DÁIRÍNE f Irish
Derived from Irish Gaelic dáire meaning "fruitful, fertile".
DAISY f English
Simply from the English word for the white flower, ultimately derived from Old English dægeseage meaning "day eye". It was first used as a given name in the 19th century, at the same time many other plant and flower names were coined.
DAIVA f Lithuanian
Created by the Lithuanian writer Vydūnas, who possibly derived it from a Sanskrit word meaning "destiny".
DAJANA f Serbian, Croatian
Serbian and Croatian form of DIANA.
DAKOTA m & f English (Modern)
Means "allies, friends" in the Dakota language. This is the name of a Native American people of the northern Mississippi valley.
DALAL f Arabic
Means "coquettishness" in Arabic.
DALE m & f English
From an English surname that originally belonged to a person who lived near a dale or valley.
DALEY m & f Irish, English (Rare)
From an Irish surname that was derived from Ó Dálaigh meaning "descendant of Dálach". The name Dálach means "assembly" in Gaelic.
DALEYZA f American (Hispanic, Modern)
Meaning uncertain, perhaps an elaboration of DALIA (1). This name was used by Mexican-American musician Larry Hernandez for his daughter born 2010.
DALIA (1) f Spanish (Latin American), American (Hispanic)
Spanish form of DAHLIA. The Dahlia is the national flower of Mexico.
DALIA (2) f Lithuanian, Baltic Mythology
Means "fate, luck" in Lithuanian. This was the name of the Lithuanian goddess of weaving, fate and childbirth, often associated with Laima.
DALIA (3) f Hebrew
Means "hanging branch" in Hebrew.
DALIDA f Biblical Greek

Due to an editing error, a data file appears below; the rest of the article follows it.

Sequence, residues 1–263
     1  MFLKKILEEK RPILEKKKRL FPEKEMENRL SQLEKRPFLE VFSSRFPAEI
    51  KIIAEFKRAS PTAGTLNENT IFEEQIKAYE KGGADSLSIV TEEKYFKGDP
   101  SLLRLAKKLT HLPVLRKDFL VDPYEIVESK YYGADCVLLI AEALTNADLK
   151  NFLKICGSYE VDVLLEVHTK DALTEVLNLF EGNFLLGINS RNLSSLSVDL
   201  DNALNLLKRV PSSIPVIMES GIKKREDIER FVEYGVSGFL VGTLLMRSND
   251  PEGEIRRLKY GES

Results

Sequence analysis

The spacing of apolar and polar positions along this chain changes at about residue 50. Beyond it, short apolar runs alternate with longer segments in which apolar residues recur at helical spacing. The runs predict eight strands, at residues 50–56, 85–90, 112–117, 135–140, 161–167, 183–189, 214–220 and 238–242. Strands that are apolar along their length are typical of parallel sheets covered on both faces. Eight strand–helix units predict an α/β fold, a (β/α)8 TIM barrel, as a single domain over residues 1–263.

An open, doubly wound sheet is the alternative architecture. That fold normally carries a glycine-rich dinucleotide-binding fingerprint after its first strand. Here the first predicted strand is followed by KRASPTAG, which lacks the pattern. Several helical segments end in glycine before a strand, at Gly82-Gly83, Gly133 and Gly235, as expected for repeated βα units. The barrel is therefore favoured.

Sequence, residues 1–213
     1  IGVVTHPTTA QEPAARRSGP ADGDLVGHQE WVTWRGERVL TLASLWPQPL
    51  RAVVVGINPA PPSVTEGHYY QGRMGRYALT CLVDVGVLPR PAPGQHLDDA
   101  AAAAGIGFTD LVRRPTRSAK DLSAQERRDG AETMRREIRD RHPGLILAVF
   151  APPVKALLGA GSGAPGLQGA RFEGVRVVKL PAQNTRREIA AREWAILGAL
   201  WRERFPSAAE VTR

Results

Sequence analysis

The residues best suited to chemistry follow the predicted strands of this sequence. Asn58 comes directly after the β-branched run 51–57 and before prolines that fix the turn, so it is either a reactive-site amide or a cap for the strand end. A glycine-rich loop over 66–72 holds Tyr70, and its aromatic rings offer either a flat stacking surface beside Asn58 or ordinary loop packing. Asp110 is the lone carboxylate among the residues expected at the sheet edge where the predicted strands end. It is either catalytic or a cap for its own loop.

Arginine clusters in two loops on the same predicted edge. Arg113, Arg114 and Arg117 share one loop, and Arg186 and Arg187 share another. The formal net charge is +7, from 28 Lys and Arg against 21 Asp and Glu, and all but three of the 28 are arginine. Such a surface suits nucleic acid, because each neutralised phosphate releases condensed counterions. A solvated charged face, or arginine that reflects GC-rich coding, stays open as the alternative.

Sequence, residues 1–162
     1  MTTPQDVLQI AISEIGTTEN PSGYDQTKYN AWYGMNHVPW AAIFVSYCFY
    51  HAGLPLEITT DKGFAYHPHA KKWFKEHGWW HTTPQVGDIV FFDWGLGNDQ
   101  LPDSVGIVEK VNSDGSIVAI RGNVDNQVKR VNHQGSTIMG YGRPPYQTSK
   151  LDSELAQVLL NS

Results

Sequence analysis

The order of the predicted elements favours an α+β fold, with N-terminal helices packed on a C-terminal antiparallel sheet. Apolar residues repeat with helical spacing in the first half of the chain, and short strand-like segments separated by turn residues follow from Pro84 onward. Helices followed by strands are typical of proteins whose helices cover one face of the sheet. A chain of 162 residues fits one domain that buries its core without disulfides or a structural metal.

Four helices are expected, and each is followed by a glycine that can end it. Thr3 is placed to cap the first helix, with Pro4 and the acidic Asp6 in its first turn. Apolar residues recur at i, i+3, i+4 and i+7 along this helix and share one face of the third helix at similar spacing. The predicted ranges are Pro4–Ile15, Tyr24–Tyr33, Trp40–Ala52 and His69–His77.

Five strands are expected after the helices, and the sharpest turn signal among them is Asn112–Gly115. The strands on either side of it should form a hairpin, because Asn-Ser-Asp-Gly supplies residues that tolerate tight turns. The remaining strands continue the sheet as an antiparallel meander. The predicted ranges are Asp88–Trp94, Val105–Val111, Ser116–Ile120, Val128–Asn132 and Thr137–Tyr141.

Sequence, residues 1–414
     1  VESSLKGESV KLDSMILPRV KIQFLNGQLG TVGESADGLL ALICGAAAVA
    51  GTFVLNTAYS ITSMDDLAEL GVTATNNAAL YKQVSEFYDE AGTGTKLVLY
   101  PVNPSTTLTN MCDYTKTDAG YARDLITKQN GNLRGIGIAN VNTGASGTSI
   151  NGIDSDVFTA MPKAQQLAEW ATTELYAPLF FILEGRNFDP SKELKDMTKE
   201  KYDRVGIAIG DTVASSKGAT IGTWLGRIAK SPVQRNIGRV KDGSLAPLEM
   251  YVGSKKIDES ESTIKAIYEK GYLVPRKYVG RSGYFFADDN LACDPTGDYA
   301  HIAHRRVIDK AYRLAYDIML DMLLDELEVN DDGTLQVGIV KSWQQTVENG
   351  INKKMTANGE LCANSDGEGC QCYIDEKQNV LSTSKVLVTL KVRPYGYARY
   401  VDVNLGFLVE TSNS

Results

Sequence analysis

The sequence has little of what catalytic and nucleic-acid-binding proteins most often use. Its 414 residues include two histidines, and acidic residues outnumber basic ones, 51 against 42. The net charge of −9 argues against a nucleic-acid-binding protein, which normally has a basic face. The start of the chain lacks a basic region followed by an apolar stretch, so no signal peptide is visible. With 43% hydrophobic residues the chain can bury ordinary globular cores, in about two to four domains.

Form of DELILAH used in the Greek Old Testament. A famous bearer was the Italian-Egyptian singer and actress Dalida (1933-1987), who was born as Iolanda Cristina Gigliotti.
DALILA f French, Italian, Spanish, Portuguese, Biblical Latin
Form of DELILAH used in the Latin Old Testament, as well as in French, Italian, Spanish and Portuguese.
DALISAY f Filipino, Tagalog
Means "pure" in Tagalog.
DALIT f Hebrew
From Hebrew דָּלִיָּה (daliyyah) meaning "hanging branch".
DALITSO m & f Southern African, Chewa
Means "blessing" in Chewa.
DALLAS m & f English
From a surname that could either be of Old English origin meaning "valley house" or of Scottish Gaelic origin meaning "meadow dwelling". A city in Texas bears this name, probably in honour of American Vice President George M. Dallas (1792-1864).
DALMA f Hungarian
Created by the Hungarian poet Mihály Vörösmarty for a male character in his epic poem Zalán Futása (1825). It was used by later writers such as Mór Jókai for female characters.
DALY m & f Irish, English (Rare)
From a surname that was a variant of DALEY.
DALYA f Hebrew
Alternate transcription of Hebrew דַּלְיָה (see DALIA (3)).
DAMARIS f Biblical, Biblical Greek
Probably means "calf, heifer, girl" from Greek δάμαλις (damalis). In the New Testament this is the name of a woman converted to Christianity by Saint Paul.
DAMAYANTI f Hinduism
Means "subduing" in Sanskrit. In the Hindu epic the Mahabharata this is the name of a beautiful princess, the wife of Nala.
DAMHNAIT f Irish
Means "fawn" from Gaelic damh "stag, ox" combined with a diminutive suffix.
DAMIANA f Italian
Italian feminine form of DAMIAN.
DAMIJANA f Slovene
Slovene feminine form of DAMIAN.
DAMIRA f Croatian
Feminine form of DAMIR.
DAMJANA f Slovene, Serbian, Macedonian
Slovene, Serbian and Macedonian feminine form of DAMIAN.
DAMLA f Turkish
Means "water drop" in Turkish.
DANA (2) m & f English
From a surname that originally belonged to a person who was Danish. It was originally given in honour of American lawyer Richard Henry Dana (1815-1882), the author of Two Years Before the Mast.
DANA (4) m & f Persian, Arabic
Means "wise" in Persian.
DANAË f Greek Mythology
From Δαναοί (Danaoi), a word used by Homer to designate the Greeks. In Greek mythology Danaë was the daughter of the Argive king Acrisius. It had been prophesized to her father that he would one day be killed by Danaë's son, so he attempted to keep his daughter childless. However, Zeus came to her in the form of a shower of gold, and she became the mother of Perseus. Eventually the prophecy was fulfilled and Perseus killed Acrisius, albeit accidentally.
DANAI (1) f Greek
Modern Greek transcription of DANAË.
DANAI (2) f Southern African, Shona
Possibly means "love one another" or "call, summon" in Shona.